English edit

Etymology edit

signify +‎ -er

Pronunciation edit

Noun edit

signifier (plural signifiers)

  1. Something or someone that signifies, makes something more significant or important.
    • 2008, Diane Rubenstein, This is Not a President: Sense, Nonsense, and the American Political Imaginary[1]:
      If commentators have concurred on the characterization of Reagan as a synecdoche, they have also noted his status as a signifier.
    1. (cartomancy) A card representing a querent, question, or situation.
  2. (linguistics, philosophy) A sign, such as a written or spoken word, which refers to some concept, object or person, the signified.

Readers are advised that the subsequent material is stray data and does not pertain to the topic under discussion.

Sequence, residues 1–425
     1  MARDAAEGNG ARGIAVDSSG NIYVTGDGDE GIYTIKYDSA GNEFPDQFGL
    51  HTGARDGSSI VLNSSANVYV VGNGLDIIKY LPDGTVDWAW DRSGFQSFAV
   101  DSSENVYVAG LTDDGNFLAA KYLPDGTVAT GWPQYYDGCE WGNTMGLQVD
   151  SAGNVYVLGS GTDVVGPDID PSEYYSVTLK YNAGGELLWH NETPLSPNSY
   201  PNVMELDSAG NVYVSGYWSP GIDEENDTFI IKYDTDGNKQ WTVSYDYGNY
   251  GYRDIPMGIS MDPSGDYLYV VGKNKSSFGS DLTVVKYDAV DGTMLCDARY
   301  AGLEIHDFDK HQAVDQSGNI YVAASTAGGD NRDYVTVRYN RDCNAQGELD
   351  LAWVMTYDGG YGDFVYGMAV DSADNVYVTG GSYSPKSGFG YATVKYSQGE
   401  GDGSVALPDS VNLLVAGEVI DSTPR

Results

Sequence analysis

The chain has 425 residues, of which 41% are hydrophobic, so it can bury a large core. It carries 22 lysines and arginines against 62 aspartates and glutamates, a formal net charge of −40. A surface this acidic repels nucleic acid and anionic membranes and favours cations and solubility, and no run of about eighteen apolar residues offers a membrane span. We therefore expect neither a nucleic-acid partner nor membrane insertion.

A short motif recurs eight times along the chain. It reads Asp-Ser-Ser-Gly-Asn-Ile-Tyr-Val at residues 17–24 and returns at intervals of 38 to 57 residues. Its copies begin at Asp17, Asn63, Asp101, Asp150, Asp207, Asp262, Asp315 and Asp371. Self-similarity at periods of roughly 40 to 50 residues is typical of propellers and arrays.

• 2001, Jonathan Franzen, The Corrections:
      Here things are getting better and better for women and people of color, and gay men and lesbians, more and more integrated and open, and all you can think about is some stupid, lame problem with signifiers and signifieds.

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See also edit

  intension on Wikipedia.Wikipedia

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French edit

Etymology edit

Inherited from Middle French signifier, senefier, from Old French senefier, a semi-learned borrowing from Latin significāre, from signum (mark, sign, emblem).

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Verb edit


  1. (transitive) to signify, mean
    Synonyms: indiquer, vouloir dire

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